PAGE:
TUT aims to ensure unemployed graduates are a thing of the past

Unemployed graduates took their frustrations to the streets and marched on City Hall to hand over a memorandum. Picture: Gcina Ndwalane

Unemployed graduates took their frustrations to the streets and marched on City Hall to hand over a memorandum. Picture: Gcina Ndwalane

Published Sep 7, 2022


Johannesburg - If the Tshwane University of Technology (TUT) had its way, there’d be no such thing as an unemployed graduate.

To that end, It has set up the Institute for the Future of Work (IFoW) to act as a bridging mechanism between academia and the workplace.

Very few things are as frustrating as having to sit at home twiddling your thumbs after having earned a tertiary qualification following several years of study.

Some figures suggest that 53% of recent college graduates are unemployed, or under-employed. The unemployment rate for those with a bachelor's degree or higher is 4%.

Tseliso Mohlomi, senior director at iFOW, says “the university came up with the concept to close the gap between industry and academia”.

“Over the years, the gap has become bigger, to the extent that you find the industries are using consultants; they no longer trust academia with the intel they get from the latter.

“The institute was formed to ensure... we produce graduates from the perspective of the future of work – graduates who are ready for the future... It has to be plug-and-play. When a TUT graduate leaves the institution, they need to be able to fit into any job," he said.

Mohlomi said the aim was to create graduates who have entrepreneurial minds, so instead of looking for a job, they would be able to create employment.

“By doing so, as a university, we are acknowledging the fact that in the past, we depended on a curriculum that could have been outdated. So in closing the gap between the university and industry, we listen to the industry and influence the change of the curriculum so that we provide the industry with exactly what they want.

"The other perspective is the issue of the research we are producing. The papers we are producing are not necessarily speaking to the needs of the industry. But through closing the gap, we say, 'we can and we need to partner with you to make sure the kind of research that we churn out is relevant to the needs of the industry'," Mohlomi said.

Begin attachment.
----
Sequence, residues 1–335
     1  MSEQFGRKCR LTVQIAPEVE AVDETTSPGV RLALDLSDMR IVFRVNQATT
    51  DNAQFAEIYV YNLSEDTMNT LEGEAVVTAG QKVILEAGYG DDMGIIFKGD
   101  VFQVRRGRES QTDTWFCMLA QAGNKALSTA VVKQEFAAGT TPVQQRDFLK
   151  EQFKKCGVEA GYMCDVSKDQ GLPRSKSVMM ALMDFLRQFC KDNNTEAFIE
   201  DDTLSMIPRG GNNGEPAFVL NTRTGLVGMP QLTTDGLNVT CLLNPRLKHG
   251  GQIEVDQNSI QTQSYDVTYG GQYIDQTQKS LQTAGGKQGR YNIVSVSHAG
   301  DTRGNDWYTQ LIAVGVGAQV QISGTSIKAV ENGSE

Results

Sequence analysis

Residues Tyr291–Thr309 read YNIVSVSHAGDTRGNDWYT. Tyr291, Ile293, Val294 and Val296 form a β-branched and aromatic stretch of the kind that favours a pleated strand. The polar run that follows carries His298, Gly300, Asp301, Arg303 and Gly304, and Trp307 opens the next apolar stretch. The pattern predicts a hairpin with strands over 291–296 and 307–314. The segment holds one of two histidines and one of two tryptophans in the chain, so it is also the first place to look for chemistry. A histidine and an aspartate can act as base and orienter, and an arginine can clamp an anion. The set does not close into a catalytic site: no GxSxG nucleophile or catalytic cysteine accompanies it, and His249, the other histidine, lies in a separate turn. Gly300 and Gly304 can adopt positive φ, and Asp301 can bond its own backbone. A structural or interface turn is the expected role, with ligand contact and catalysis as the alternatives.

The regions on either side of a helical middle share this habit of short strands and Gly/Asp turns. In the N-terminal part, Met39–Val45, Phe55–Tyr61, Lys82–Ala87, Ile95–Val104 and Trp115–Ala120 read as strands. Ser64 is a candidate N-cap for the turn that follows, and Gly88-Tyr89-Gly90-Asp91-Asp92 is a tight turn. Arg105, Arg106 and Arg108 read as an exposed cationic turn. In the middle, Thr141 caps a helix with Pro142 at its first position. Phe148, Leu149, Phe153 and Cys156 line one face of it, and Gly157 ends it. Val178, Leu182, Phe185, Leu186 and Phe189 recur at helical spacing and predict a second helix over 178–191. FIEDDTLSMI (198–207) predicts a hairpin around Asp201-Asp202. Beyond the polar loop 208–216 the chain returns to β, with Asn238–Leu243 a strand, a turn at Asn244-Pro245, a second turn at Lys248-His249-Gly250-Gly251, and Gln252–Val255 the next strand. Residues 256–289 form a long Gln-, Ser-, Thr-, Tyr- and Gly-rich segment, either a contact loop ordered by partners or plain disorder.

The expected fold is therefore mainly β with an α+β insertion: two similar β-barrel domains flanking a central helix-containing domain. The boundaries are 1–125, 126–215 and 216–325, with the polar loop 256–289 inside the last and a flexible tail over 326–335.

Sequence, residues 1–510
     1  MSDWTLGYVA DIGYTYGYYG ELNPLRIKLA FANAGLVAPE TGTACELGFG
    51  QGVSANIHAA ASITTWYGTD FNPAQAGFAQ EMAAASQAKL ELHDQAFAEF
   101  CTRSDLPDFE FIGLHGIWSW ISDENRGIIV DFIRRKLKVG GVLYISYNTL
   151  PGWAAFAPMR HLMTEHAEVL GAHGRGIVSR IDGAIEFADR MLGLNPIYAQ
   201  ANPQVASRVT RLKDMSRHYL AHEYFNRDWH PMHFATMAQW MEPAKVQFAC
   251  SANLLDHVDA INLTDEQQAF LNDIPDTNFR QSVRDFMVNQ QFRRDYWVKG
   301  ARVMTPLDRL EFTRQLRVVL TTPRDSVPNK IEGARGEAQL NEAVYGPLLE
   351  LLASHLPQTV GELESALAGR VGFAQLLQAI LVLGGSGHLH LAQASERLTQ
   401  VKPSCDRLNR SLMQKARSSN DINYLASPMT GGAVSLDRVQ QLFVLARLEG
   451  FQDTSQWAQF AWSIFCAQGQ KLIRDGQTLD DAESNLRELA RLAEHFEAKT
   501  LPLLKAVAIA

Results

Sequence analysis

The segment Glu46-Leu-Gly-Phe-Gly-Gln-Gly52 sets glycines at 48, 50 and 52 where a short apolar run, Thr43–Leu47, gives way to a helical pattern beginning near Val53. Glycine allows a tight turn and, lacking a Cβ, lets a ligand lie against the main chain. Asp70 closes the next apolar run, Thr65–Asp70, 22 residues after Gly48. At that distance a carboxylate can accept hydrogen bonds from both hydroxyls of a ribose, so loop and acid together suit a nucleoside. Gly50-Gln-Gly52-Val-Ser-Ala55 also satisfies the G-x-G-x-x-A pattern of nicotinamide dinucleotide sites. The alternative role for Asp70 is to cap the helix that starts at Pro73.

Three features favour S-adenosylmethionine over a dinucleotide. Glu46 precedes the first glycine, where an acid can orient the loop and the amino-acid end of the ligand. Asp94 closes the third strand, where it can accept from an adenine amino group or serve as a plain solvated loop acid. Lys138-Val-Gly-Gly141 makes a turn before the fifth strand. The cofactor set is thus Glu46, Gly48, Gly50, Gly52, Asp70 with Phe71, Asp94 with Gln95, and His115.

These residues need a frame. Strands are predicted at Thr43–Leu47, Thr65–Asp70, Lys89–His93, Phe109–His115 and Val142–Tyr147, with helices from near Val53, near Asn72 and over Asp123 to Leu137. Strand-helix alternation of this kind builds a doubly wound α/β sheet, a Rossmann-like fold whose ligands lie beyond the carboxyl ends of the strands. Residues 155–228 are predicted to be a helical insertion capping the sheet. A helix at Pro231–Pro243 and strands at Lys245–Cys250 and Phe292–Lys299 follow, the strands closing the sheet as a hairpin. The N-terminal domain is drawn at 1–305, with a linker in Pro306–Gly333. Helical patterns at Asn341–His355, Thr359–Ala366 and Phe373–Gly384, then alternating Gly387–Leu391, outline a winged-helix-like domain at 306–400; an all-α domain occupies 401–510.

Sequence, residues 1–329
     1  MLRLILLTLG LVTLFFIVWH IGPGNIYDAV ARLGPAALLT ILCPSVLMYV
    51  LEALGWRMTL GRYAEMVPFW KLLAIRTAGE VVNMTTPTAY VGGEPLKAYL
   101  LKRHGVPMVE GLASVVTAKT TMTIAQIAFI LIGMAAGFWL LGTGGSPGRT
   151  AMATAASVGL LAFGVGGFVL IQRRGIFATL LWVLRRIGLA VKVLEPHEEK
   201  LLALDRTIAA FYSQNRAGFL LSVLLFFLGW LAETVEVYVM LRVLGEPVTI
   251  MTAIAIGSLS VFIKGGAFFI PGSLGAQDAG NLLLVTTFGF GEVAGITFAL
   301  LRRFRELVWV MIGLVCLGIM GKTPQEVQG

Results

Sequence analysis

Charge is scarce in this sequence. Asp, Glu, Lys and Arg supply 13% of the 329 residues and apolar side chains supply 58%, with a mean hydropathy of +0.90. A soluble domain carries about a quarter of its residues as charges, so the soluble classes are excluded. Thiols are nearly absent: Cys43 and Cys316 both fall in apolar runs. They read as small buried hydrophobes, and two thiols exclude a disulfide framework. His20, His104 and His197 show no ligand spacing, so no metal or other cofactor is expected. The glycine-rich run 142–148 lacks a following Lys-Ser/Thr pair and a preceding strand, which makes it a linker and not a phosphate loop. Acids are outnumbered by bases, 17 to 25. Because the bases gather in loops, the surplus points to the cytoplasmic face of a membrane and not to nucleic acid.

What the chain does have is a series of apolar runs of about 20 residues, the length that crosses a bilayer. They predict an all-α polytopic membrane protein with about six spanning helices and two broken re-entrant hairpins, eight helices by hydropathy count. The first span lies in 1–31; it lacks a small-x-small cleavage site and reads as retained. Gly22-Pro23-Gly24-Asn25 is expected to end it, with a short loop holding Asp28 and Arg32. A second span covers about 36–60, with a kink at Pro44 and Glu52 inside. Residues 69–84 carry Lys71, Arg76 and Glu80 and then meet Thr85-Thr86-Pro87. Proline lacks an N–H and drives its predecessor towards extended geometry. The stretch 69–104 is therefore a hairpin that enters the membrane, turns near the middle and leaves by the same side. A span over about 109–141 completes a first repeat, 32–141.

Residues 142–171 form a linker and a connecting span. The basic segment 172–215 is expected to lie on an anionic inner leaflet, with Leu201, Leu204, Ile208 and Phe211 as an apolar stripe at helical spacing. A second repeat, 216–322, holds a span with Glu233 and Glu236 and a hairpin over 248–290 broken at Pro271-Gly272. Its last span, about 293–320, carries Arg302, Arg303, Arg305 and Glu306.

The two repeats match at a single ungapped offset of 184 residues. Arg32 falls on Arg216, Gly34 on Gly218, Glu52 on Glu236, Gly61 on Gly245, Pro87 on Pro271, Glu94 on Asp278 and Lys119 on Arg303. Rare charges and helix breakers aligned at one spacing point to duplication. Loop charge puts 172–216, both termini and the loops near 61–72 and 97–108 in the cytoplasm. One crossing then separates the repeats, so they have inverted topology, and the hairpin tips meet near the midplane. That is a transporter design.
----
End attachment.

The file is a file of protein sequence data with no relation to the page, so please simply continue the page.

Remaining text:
They were now engaging with industry, with the markets, and wanted to make sure the solutions and tech produced by TUT was relevant.

"It must be high-impact research, able to be commercialised. If it can't be, you don’t even need to commence on it. Don't do it.”

Mohlomi said the technology hub on TUT’s Hatfield, Pretoria campus, where IFoW is housed, is the the prototype of a smart campus.

"It is the making of a smart campus that uses green energy, digital platforms, introducing aspects of a safe campus and the use of the Internet of Things, IOT.

"They are big on this. With sensor technology, for example, the air conditioning and lights will switch on and off depending on people's presence in lecture rooms. Unlike in the past, when universities went it alone to produce what they thought the market wanted, IFoW partners with prospective employers to seek their counsel.

“We have an advisory committee, made up of 45 industry leaders. These are people from different companies. We do this so that when we speak to industry, we are singing from the same hymn book. These people will also be ambassadors of the university. They are crucial in terms of providing the resources we need so that the students we produce are future-ready, and the solutions are relevant to the market.

"We want to make sure the research is industry-focused... Central to that is the annual dialogue we have with industry – this year it will be on September 19.”

Mohlomi says the purpose of the dialogue is to influence policies.

“Second is to create an environment where we can allow industry space to influence curriculum. The dialogue creates a collaborative platform.”

The stakeholders comprised universities, government, industry, civil society and international organisations. The September 19 gathering will tackle 10 topics around the impact of the Fourth Industrial Revolution (4IR) in many spheres of school and work.

The entrepreneurial mindset of students was encouraged, and influenced by their visit to Georgia Tech in Atlanta, in the US.

“Here they are accommodated to be job providers of the future. We can no longer do things as they used to be done. The 4IR is led by industry. As a university, we need to be supporting that. We are supposed to be thought leaders," he said.

The IFoW was also concerned about the future of things, including the township economy, the green economy, financial inclusion, digital agriculture and cyber security, among others.

Mohlomi offers as an example the M-Pesa vendor numbers system used in Kenya, “which was piloted here in South Africa”.

“Let's get involved there,” he says. “In virtual reality, how do we help KZN flood victims, for example, without physical visits that re-traumatises victims?”

Workplace experience for the students was crucial, as evinced by the ongoing participation of TUT students at Gibela, the locomotive manufacturing plant in Nigel, Ekurhuleni.

Some of the cutting-edge machinery used at Gibela was developed by TUT students at Hatfield.